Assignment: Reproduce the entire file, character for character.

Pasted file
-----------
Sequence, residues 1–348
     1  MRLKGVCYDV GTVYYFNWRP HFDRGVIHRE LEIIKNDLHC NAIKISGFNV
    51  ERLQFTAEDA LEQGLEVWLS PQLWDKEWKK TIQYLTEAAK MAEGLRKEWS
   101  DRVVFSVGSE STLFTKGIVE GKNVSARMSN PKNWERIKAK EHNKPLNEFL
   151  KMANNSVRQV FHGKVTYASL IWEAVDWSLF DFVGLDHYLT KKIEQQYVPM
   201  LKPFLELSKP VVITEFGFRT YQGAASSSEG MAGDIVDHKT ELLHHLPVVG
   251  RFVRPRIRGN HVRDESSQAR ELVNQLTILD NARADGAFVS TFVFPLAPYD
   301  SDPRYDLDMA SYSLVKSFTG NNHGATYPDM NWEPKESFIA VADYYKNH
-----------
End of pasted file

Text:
Sequence, residues 1–348
     1  MRLKGVCYDV GTVYYFNWRP HFDRGVIHRE LEIIKNDLHC NAIKISGFNV
    51  ERLQFTAEDA LEQGLEVWLS PQLWDKEWKK TIQYLTEAAK MAEGLRKEWS
   101  DRVVFSVGSE STLFTKGIVE GKNVSARMSN PKNWERIKAK EHNKPLNEFL
   151  KMANNSVRQV FHGKVTYASL IWEAVDWSLF DFVGLDHYLT KKIEQQYVPM
   201  LKPFLELSKP VVITEFGFRT YQGAASSSEG MAGDIVDHKT ELLHHLPVVG
   251  RFVRPRIRGN HVRDESSQAR ELVNQLTILD NARADGAFVS TFVFPLAPYD
   301  SDPRYDLDMA SYSLVKSFTG NNHGATYPDM NWEPKESFIA VADYYKNH